Yumi La Blanca
DistDancing - a gift from the gifted
(All photography by Mykadelica)
There’s no other venue than Potemkin Theatre that’s literally ‘open’ now, while most of the indoor theatres still remain closed.
Located in East London, it’s already served the community as a piece of award-winning architecture (Antepavilion Commission 2019), delighting local eyes with its fairytale-like rooftop design. This unique, versatile theatre is facing the canal, which enables open-air performances, and it's currently showcasing beautiful creatures dancing on the canal.
How it started
‘DistDancing’ implies dancers’ current hardship as well as their insuppressible passion for arts: distance between the performers, distance from them to the audience, but they still need to dance...
It seems the project was initially launched by Chisato Katsura, First Artist of the Royal Ballet, and her landlord who owns this theatre. Then, they invited Valentino Zuchetti, First Soloist of the Royal Ballet, for his creativity and organisation skills. Several other artistic talents have also joined.
Since their first official performance in July, they’ve welcomed various performing artists beyond genres: classical ballet (mainly Royal Ballet dancers), contemporary, aerials, even modern circus. Mostly with recorded music, but sometimes live musicians can also contribute to the atmosphere from the opposite canalside, which perfectly matches the London summer vibes.
Performing in distance
They cleverly make full use of this architecture and its surroundings, having several stages at different height levels. The biggest one is a purpose-built deck/pontoon, where dancers are skillfully swirling and jumping without falling into the canal. Next moment, another dancer can be spotted on the roof, or another one down below, sometimes on a stationed boat, or even on a bridge over the canal.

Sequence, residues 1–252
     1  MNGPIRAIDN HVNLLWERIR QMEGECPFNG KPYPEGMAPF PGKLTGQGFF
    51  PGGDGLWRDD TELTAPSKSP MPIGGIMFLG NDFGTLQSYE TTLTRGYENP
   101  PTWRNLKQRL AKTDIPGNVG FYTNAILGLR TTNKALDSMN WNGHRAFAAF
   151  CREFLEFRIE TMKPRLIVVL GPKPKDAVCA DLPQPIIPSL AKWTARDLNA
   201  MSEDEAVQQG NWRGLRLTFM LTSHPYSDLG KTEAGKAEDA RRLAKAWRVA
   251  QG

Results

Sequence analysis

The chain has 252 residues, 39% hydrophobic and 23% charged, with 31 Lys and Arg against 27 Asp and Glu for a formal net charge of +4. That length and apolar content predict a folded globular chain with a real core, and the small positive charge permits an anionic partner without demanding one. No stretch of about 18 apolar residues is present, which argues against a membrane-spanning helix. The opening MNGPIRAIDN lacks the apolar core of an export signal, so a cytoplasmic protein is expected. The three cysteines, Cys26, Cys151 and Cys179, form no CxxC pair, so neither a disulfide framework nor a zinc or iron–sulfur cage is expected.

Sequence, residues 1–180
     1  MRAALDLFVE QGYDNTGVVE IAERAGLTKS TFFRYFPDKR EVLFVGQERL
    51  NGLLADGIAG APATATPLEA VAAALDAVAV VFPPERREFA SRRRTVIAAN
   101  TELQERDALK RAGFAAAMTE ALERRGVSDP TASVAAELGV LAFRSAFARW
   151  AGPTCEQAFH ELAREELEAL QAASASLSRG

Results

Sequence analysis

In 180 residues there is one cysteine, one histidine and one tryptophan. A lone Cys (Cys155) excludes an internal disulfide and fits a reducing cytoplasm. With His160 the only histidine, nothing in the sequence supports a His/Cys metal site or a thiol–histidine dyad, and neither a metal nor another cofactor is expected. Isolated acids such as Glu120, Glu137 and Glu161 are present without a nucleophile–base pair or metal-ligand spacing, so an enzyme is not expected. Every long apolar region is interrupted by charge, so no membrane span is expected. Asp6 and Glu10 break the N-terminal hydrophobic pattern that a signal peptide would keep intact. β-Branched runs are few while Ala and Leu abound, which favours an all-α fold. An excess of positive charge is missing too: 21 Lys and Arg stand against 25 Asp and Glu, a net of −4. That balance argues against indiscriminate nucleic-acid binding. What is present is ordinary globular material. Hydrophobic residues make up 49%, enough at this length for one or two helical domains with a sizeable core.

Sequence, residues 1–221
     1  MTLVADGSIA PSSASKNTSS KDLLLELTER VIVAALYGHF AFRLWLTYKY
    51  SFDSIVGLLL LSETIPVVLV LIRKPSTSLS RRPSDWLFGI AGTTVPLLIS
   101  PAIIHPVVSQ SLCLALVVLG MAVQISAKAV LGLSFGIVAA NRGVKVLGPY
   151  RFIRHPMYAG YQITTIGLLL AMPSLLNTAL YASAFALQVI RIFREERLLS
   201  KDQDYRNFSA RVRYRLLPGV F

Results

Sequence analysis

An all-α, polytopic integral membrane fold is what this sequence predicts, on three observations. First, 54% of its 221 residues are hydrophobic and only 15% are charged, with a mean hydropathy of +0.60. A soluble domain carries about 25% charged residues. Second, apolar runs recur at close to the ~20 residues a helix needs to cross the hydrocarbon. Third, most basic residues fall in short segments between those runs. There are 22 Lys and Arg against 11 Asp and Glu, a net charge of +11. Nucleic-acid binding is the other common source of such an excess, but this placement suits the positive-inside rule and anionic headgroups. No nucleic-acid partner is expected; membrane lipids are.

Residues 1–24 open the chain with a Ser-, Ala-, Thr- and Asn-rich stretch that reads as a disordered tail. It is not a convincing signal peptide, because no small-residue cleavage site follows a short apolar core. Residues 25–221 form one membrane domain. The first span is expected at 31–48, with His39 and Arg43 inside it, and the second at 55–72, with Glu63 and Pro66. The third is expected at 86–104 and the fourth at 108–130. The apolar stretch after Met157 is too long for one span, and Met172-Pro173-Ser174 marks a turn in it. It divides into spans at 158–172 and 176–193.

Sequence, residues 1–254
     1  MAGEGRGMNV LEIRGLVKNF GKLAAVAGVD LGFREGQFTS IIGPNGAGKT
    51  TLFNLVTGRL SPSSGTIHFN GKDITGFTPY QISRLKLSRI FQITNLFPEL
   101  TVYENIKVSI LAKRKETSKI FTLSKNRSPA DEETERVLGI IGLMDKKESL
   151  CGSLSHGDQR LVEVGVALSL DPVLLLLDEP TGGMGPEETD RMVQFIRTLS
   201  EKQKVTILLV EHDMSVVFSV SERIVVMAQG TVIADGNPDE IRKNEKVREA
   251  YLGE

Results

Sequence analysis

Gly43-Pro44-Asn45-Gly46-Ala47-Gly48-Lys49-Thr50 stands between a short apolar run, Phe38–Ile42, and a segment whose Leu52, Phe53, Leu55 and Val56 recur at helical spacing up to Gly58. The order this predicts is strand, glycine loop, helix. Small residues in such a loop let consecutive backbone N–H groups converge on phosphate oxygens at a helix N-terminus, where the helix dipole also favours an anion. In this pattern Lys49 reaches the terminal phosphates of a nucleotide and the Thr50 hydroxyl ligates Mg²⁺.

Located differently, these dancers are interconnected despite distance. The only exception to such distance is when a pas de deux is carried out by a real-life couple, such as Matthew Ball and Mayara Magri, both from the Royal Ballet, who appeared on 1st August.
Their socially-distanced performances actually remind us, probably the performers too, of how much we miss the ‘real’ theatre experience. The dancers could’ve danced on their home stage with more co-dancers, facing the orchestra pit instead of canal water, surrounded by decorative stage sets… Our hearts are undeniably touched by their effort for this project, their eagerness for performing in public, their dedication to arts. After all, these creatures were born to shine on stage.
Appreciating the gift
Even their rehearsals can sometimes be seen in public due to its nature of being open-air. In fact, the word of mouth first spread from a surprise rehearsal of Royal Ballet dancers, Annette Buvoli and Harry Churches, practising on the canal. Thanks to the power of SNS, their videos and photos quickly provoked public anticipation for this project.
At first the audience might’ve been passers-by or cyclists, but now, fans and fellow artists purposefully go there to support the dancers. Some viewers are even floating on their own canal boats.
So far, their shows seem to happen every Saturday and free of charge, as a generous gift from the gifted dancers. In order to really appreciate this lovely present, we, the audience, should also respect the distance between ourselves too (to avoid crowds…) As far as we can keep that, their artistry will bridge our distances, dreaming for a day when their home theatres welcome back both the dancers and the audience. Till then, we just hope for good weather on Saturdays.
DistDancing on Instagram
Just dance… (DistDancing video by Dancersdiary)
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